Trigeminal neuralgia is a chronic pain condition that affects the trigeminal nerve (the largest of the craniofacial nerves). Trigeminal neuralgia is characterized by intense burning, stabbing, and aching pains in different regions of the face at different intervals. There are two subtypes of trigeminal neuralgia known as type 1 (TN1) and type 2 (TN2). If you suffer from trigeminal neuralgia, there are steps you can take to alleviate pain.
Ask your doctor about anticonvulsant medicines. Anticonvulsant medications are one of the most common treatments for trigeminal neuralgia. Your doctor may prescribe one or more anticonvulsants until he finds the one that works the best to manage your pain symptoms.
- Anticonvulsant medications are typically prescribed instead of traditional painkillers (such as non-steroidal anti-inflammatory drugs), which are not as effective at blocking the electrical signals from the misfiring neurons that are causing the sensations of pain.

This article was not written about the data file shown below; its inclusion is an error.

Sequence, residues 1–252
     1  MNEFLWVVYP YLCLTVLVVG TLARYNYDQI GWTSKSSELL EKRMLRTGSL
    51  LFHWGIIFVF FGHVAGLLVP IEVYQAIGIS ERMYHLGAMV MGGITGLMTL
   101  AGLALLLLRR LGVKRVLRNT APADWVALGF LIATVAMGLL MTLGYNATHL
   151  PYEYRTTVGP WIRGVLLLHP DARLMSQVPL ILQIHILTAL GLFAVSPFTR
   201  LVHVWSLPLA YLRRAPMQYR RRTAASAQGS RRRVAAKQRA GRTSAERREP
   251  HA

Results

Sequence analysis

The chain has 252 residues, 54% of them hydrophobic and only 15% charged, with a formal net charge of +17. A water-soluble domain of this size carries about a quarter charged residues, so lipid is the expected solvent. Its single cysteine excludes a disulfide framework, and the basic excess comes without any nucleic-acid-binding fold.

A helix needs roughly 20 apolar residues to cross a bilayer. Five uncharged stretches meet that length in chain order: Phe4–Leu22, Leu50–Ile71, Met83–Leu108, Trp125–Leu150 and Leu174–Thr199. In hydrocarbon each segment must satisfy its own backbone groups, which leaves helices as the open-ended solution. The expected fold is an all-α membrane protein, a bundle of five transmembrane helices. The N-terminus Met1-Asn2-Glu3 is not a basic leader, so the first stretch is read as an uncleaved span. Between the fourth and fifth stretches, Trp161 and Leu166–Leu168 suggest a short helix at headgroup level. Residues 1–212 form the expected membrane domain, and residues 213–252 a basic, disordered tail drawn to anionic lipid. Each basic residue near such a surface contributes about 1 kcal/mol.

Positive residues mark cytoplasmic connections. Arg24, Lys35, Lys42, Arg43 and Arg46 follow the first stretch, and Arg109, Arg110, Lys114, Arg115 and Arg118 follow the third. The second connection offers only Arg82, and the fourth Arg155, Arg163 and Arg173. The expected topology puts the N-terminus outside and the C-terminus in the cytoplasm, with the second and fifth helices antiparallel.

- Carbamazepine is the is the usual initial anticonvulsant medication treatment. 
- Oxcarbazepine is similar to carbamazepine in effectiveness and may be better tolerated, but is more expensive. Gabapentin and lamotrigine are often used for patients who cannot tolerate carbamazepine.
- Baclofen may be a useful medication to take alongside the anticonvulsant, particularly in patients with TN related to multiple sclerosis.
- Anticonvulsant medications may lose their efficacy over time as they build up in the bloodstream; at this point, your doctor may switch your prescription to a different anticonvulsant that your body has not grown insensitive to.